After the elephant visit, we ate lunch at a nice little waterfront restaurant, and then went to the beach. The weather was incredible (though it’s generally been cold here), and there were lots of people swimming. We walked along the shore and hung around for a while. We left from there and got home pretty late at night. I had dinner, did my homework (yes, homework), and then went to sleep. I was exhausted, but went into my week with many stories to tell!

Thursday, September 25, 2008

The Apocalypse...and Organic Wine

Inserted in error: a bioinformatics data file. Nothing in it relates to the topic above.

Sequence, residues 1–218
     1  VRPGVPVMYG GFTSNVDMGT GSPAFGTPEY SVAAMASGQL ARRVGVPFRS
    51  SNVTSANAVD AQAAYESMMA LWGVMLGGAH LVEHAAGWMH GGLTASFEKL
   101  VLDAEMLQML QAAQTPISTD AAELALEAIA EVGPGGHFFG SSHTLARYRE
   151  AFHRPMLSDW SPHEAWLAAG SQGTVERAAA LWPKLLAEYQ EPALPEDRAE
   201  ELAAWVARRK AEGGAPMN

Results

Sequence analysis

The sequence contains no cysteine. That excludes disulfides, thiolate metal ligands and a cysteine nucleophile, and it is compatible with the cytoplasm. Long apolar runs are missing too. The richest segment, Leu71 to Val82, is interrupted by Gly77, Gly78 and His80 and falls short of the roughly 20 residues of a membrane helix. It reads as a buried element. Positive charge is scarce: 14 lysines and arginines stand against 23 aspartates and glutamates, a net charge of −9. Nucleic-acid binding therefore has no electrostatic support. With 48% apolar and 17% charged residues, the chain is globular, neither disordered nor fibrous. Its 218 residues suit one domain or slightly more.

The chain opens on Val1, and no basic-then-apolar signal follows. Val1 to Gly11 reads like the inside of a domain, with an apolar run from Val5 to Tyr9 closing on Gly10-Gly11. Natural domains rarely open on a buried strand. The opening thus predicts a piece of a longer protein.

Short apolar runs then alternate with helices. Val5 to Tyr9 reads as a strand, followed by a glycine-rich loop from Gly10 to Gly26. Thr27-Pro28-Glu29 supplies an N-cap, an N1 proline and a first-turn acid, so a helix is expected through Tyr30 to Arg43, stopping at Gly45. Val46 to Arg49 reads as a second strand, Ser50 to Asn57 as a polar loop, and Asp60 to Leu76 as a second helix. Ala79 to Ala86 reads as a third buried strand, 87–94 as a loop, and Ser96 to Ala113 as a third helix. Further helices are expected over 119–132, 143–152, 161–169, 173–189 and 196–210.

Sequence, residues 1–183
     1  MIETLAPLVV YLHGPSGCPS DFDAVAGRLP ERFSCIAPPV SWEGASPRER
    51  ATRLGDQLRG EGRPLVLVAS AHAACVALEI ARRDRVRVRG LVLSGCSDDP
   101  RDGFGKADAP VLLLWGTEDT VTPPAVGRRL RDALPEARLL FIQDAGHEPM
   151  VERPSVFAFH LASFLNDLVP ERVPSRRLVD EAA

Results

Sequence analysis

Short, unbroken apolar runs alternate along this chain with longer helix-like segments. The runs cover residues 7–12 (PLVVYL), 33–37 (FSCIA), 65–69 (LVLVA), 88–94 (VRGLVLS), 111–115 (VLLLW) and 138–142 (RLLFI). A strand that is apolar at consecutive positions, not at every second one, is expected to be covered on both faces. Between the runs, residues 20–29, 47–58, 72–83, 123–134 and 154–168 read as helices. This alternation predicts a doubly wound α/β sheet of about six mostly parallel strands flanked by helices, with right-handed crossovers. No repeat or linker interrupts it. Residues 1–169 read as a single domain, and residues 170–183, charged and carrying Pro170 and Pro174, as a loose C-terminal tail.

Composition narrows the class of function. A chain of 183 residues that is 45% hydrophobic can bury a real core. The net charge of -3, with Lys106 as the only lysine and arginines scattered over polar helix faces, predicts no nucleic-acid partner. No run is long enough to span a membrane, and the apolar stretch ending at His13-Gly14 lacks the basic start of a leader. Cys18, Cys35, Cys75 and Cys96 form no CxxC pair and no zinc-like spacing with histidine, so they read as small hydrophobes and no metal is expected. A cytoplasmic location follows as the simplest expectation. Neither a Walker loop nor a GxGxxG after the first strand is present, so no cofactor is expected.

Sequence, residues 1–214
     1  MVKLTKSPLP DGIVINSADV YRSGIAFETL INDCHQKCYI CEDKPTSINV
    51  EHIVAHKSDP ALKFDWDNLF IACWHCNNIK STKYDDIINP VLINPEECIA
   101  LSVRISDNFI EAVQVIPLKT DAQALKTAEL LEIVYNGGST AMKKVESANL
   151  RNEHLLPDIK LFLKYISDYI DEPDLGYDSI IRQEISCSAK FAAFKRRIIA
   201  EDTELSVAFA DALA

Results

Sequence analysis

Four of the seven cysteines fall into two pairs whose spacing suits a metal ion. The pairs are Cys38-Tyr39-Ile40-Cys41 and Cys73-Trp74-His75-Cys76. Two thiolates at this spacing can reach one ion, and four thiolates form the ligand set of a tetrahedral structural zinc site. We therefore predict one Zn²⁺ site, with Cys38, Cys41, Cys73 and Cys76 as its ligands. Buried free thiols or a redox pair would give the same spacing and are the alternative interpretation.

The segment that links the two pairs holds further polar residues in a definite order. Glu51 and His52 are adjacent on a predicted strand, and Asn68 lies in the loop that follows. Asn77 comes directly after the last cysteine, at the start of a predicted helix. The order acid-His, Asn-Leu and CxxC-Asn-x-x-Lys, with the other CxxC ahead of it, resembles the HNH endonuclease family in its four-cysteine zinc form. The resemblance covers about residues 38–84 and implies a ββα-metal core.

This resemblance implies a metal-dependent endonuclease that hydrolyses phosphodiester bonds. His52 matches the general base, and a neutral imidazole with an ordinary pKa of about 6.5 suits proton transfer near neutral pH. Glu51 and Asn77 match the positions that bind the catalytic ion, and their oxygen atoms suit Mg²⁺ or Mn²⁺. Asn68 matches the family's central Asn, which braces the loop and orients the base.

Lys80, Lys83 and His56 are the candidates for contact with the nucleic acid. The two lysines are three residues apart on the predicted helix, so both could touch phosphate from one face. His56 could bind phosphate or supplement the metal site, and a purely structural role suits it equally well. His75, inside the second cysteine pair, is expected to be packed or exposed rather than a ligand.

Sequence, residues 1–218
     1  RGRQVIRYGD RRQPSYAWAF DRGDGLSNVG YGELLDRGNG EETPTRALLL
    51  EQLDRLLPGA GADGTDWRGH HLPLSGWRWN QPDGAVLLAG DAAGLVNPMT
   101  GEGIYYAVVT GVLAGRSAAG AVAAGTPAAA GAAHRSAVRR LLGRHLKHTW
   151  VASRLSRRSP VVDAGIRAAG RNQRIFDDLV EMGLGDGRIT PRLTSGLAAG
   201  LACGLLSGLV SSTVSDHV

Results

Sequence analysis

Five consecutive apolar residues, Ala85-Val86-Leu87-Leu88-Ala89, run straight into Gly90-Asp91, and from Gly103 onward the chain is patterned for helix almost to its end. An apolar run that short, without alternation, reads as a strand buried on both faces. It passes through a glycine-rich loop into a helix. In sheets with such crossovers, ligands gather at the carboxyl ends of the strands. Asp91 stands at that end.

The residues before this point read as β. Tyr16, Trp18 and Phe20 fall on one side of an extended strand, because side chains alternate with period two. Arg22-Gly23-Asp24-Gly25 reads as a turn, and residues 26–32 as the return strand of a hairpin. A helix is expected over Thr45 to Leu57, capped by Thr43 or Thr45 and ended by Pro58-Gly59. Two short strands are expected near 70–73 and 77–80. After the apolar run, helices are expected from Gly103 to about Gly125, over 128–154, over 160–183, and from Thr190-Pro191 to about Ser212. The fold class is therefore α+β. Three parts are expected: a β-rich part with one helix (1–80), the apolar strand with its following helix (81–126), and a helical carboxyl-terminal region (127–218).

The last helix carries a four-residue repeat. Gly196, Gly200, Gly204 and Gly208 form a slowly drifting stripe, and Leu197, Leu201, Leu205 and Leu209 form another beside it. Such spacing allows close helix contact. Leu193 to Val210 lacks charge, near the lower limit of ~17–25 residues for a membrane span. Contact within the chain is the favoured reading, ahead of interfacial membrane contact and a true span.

This week in Angers has pretty much consisted of language and culture classes, as well as various visits around the city—the last two days have been particularly interesting. Yesterday we went to see the Chateau (Castle) d’Angers (the photo is the view of Angers from the top), and we had a great guide who gave us a detailed historical overview of the castle’s purposes over time. Definitely the most interesting component of that visit was seeing the Apocalypse tapestry. It’s from the 14th century and it’s the longest tapestry in the world—truly incredible. They only have about two-thirds of the original, yet it is still overwhelming in size. Our tour guide did an excellent job of explaining it and answering our many questions about various symbolic meanings in the images. For example, we noticed that a lot of things were represented in sets of seven, and he told us that seven is considered a perfect number, religiously, because it is the sum of four (as in the four gospels, the four elements) and three (as in the trinity), etc. There are also various qualities about the tapestry which suggest that it was meant to be displayed in the open air; for example, the images can be seen from both sides, and the ends of the threads, which are typically exposed on the back, are all neatly tucked in and hidden. Unfortunately we couldn’t take any pictures inside the room in which it is displayed. The tapestry is not supposed to be exposed to any light, and they don’t trust people to really turn their flashes off when taking pictures, which I understand. Overall, truly a fascinating visit.